U.S. Assistance Unlikely to Make Impact
Although the United States declared it will invest $400 million to train and equip FC troops to combat the Pakistani Taliban and slow cross-border attacks into Afghanistan, even in the best of circumstances it would be hard to get FC troops to actively engage the Taliban; in fact, many of the FC troops are related to Taliban members.
After factoring in the FC’s demoralization, it becomes evident that no amount of training and equipment will likely be able to overcome the pull of local ties, when combined with the fear and guilt engendered by the Taliban’s intimidation tactics and propaganda. Marksmanship classes or Kevlar vests will not change the social realities on the ground, or the near total information dominance of the Taliban in FATA. The likelihood of a return on the $400 million investment is low.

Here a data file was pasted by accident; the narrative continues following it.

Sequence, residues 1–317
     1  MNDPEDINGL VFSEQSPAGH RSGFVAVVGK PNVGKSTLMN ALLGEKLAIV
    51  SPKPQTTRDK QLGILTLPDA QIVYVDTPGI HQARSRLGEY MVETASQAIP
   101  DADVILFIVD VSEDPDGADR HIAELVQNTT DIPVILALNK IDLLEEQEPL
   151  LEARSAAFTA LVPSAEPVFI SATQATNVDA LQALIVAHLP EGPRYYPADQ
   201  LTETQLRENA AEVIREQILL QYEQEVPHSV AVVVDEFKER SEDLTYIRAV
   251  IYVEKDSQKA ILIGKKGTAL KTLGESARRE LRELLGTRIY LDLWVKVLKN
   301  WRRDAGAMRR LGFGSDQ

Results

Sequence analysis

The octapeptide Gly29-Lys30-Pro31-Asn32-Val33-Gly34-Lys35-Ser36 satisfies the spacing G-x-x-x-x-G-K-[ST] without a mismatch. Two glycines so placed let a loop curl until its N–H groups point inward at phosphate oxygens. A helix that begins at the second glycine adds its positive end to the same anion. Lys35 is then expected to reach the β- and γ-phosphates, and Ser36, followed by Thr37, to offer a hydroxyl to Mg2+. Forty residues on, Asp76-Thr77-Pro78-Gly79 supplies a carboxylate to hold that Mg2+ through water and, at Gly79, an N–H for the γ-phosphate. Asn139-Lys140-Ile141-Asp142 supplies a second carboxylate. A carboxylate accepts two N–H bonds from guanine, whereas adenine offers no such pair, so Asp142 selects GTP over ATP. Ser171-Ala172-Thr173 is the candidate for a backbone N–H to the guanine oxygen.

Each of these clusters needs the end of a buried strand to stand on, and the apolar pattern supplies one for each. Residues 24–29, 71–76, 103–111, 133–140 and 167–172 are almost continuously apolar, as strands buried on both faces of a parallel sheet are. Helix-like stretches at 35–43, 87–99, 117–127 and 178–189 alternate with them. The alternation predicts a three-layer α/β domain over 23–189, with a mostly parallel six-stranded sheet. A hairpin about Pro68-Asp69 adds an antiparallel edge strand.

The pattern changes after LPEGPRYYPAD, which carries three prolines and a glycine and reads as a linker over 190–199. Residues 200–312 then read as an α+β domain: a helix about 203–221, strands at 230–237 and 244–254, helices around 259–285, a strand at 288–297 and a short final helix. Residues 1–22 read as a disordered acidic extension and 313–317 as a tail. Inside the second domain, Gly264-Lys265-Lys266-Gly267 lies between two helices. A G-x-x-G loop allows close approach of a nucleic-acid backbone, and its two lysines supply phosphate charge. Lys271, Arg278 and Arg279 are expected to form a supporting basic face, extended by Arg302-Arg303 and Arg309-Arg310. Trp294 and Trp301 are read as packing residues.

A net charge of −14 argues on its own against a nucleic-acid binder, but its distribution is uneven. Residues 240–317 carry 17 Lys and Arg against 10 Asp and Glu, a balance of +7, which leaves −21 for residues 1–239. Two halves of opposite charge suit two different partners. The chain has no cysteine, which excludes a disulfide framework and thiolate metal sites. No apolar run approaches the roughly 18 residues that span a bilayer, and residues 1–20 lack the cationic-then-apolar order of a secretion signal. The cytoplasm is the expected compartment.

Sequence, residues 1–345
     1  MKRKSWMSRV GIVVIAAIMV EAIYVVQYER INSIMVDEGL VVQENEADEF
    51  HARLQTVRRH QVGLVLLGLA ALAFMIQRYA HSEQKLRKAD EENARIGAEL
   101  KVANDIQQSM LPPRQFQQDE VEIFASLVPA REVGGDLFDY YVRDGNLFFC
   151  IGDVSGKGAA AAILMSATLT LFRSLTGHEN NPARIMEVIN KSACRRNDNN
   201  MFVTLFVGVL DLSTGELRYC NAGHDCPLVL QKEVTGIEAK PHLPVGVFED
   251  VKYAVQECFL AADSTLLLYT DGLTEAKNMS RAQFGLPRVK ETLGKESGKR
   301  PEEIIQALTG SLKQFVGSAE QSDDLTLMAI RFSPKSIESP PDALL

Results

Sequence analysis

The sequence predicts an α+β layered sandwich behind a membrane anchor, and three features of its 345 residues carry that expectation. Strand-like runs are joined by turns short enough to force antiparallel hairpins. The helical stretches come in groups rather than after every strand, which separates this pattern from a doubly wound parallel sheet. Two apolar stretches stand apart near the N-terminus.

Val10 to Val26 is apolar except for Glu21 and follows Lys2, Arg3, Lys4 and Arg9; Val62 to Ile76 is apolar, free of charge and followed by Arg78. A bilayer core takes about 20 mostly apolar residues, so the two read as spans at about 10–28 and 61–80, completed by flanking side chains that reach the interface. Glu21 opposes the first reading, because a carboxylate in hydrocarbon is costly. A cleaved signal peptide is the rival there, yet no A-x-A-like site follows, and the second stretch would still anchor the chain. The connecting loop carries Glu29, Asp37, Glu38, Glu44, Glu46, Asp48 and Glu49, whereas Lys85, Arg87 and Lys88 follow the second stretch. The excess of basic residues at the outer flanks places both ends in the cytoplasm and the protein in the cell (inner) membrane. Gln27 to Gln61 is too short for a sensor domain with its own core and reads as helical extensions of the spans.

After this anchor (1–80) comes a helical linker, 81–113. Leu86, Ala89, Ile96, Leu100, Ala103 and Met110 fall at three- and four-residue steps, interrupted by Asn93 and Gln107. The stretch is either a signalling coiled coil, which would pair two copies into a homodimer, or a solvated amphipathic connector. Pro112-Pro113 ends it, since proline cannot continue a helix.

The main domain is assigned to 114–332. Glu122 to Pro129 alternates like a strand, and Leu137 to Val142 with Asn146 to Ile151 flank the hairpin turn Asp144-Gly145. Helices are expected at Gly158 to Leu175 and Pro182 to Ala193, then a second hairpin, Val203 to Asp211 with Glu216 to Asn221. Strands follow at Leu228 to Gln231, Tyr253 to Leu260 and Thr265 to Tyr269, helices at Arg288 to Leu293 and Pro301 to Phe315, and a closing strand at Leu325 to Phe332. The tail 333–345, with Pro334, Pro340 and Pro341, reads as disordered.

Between the ISI, the ethnic Pashtun Taliban sympathizers at all levels of the Pakistani Armed Forces, and the Taliban’s highly successful Psychological Operations, the Paks aren’t much of an ally. But somehow the jingle trucks from Karachi and tankers from Rawalpindi keep getting through. When they stop getting through, there won’t be much reason left to worry about pissing off the Paks.
The nuclear Westphalian nation-state of Pakistan is incapable of exercising sovereignty over the tribal areas. Can they do much about cross-border raids?